According to THEFREEGEOGRAPHY, Italian economic policy has gone through two phases, in many ways different from each other, in the last fifteen years. The first, which lasted about eleven years, can be called a war economy, even if the war was limited to a total of seven years (Ethiopian conflict, intervention in the Spanish civil struggle, World War II); the second runs from 1945 to today and is characterized by an empirical economic policy, but mainly anti-autarchic and oriented in a cosmopolitan sense.
About a tenth of the national income, not increased after the great crisis in proportion to the population (see wealth, in this second App., II, p. 705) was spent by now, from 1935-36, annually for military needs; the actual expenses of the state, ordinary and extraordinary, had reached the threshold of 40 billion in 1938-39, another dozen billion were spent by the municipalities and provinces, that is, on the whole almost half of the total net income, equal to in 1938 to about 116 billion lire. Emigration had dropped in 1934-38 to about 60,000 units per year, which forced the remaining population to apply to a job with ever lower income to avoid the dangerous widening of unemployment; thus food availability had fallen from 2806 to 2723 daily calories per capita from 1928 to 1938, real average hourly wages in 1938 were equal to 96% of those in 1928. agricultural and industrial activity only then, after a decade, had they managed to surpass, and only slightly, the levels of 1928; and the traffic of goods transported by rail was still less than 1/6, while the maritime traffic had exceeded it in weight only by 1/10; exchanges with foreign countries had reduced in value to 2/3 and in volume even more.
The large part of the national income devoted to the two armed conflicts, from 1935 to 1937, to investments in Africa and public works within the country and the cost of the autarchic transformation made them aware of the financial impossibility of facing a world war in 1939 – awareness that yielded in 1940 to the illusion of a very short-lived conflict – and placed Italy in extremely weak economic conditions in the immediately following period, when it was a question of concretely experiencing the results of the attempted policy of initiating autarchy. The long condition of imbalance between the possibilities offered by a national income susceptible to low savings, due to the rigidity of consumption that cannot be further compressed, and the strong demands for public investments had in fact already anemic the country. And this even before the huge expenses for a world conflict had begun, although the state structure and the centralized mechanisms of economic policy were ready – and increasingly refined from 1934 to 1939 – as instruments of a war economy, and undoubtedly the currents commercials initiated with Germany facilitated some essential supplies. The network of interventions in the country’s economy, supported by the possibilities of a dictatorial regime, was almost complete, with savings and credit controlled and managed through specific bodies, exchanges and a fully restricted currency system; production plants and activities dependent on a management of the initiatives and limitations of extensions; prices,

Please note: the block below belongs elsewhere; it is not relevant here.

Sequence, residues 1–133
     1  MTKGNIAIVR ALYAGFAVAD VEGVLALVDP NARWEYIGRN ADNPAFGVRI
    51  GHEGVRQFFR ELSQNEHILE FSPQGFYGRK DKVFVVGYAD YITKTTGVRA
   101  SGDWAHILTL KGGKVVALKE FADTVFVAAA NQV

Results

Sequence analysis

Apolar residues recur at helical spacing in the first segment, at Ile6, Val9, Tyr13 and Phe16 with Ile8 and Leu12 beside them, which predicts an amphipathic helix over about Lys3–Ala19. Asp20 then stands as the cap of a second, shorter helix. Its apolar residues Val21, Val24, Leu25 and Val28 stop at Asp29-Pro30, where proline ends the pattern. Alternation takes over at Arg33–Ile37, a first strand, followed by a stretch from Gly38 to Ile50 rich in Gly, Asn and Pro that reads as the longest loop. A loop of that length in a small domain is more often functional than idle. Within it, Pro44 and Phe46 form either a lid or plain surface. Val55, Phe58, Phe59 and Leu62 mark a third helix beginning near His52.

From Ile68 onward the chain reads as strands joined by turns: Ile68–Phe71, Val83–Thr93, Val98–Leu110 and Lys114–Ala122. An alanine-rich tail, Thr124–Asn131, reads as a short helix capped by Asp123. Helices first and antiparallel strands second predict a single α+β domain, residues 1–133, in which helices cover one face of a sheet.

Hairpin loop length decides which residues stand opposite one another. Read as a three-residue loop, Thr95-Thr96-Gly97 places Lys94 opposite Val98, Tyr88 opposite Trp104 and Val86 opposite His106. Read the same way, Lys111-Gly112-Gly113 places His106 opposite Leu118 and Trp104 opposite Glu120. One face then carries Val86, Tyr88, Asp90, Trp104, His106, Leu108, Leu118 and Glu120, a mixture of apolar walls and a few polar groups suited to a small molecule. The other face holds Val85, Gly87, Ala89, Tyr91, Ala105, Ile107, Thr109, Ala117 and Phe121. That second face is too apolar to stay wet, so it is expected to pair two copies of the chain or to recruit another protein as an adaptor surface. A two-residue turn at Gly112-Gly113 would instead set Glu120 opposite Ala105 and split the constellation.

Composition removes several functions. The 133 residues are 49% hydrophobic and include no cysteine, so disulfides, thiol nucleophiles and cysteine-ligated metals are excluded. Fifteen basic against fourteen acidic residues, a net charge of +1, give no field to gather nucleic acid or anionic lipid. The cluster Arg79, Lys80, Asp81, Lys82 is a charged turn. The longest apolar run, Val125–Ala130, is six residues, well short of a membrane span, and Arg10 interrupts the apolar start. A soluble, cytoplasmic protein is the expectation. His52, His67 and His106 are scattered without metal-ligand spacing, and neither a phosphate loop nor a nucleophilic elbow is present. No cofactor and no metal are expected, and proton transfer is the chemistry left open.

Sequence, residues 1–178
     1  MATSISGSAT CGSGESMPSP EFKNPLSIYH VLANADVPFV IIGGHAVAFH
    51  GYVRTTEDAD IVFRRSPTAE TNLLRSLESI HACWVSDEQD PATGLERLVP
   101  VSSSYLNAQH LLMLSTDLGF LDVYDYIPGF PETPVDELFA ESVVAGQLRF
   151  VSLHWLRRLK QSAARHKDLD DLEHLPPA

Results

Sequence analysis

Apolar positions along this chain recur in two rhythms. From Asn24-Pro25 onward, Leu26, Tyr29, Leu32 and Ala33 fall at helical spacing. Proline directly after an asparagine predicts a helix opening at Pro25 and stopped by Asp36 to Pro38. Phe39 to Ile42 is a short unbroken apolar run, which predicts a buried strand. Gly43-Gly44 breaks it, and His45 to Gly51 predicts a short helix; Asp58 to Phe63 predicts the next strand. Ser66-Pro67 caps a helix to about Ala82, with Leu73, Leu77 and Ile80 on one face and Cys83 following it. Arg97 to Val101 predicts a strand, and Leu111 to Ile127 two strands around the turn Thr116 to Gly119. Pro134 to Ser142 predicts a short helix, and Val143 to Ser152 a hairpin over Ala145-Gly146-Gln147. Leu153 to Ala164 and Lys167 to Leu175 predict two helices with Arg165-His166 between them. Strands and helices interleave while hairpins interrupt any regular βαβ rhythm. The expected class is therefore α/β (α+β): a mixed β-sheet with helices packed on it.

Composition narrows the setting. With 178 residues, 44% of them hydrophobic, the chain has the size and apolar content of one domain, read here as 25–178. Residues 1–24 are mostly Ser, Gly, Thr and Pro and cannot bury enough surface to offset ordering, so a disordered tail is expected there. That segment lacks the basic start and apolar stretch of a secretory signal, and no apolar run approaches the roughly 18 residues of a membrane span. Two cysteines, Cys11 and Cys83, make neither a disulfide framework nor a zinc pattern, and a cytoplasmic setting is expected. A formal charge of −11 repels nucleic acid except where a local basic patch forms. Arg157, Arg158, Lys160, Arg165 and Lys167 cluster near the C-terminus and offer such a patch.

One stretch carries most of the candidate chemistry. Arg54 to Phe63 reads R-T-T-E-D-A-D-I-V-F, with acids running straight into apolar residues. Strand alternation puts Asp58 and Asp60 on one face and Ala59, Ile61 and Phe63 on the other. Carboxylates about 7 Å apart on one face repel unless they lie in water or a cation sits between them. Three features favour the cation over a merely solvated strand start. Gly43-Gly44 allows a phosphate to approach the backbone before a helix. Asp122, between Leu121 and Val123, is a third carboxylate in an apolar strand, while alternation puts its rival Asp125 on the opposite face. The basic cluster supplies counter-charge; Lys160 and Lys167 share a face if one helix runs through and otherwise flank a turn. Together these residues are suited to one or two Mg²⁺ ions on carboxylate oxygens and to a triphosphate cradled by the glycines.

The existence of these legal and administrative instruments of regulation made it possible to provide without excessive difficulty for the financing of public works and reclamation first, then that of autarchic initiatives and subsequently that of war industries; therefore the alternative was not posed of following the path of an in-depth action on incomes, which, on the other hand, would have implied a different political approach. In essence, therefore, all economic and financial policy in the pre-war and war period operated through the maneuver of credit, flanked only rarely by particular measures and tending to channel the available savings towards public investments.